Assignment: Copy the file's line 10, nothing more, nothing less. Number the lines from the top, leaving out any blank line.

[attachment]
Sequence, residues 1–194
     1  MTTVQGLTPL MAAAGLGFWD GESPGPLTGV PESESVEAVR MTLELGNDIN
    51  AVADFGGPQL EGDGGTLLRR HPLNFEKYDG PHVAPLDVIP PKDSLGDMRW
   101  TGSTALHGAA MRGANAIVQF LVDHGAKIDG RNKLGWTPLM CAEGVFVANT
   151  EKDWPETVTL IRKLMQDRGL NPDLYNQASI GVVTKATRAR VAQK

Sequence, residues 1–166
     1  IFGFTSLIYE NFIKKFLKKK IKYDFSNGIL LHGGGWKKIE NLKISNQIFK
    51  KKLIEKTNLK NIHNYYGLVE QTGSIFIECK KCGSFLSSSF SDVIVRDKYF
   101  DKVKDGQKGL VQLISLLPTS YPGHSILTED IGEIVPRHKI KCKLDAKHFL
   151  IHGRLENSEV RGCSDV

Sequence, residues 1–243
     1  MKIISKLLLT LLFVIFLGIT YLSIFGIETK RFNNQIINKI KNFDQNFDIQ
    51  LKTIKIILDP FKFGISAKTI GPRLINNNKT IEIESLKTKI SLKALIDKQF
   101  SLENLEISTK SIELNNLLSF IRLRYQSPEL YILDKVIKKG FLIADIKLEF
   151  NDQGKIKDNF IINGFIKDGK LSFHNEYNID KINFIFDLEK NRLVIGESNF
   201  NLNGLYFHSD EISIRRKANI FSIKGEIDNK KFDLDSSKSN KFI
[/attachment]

   151  IHGRLENSEV RGCSDV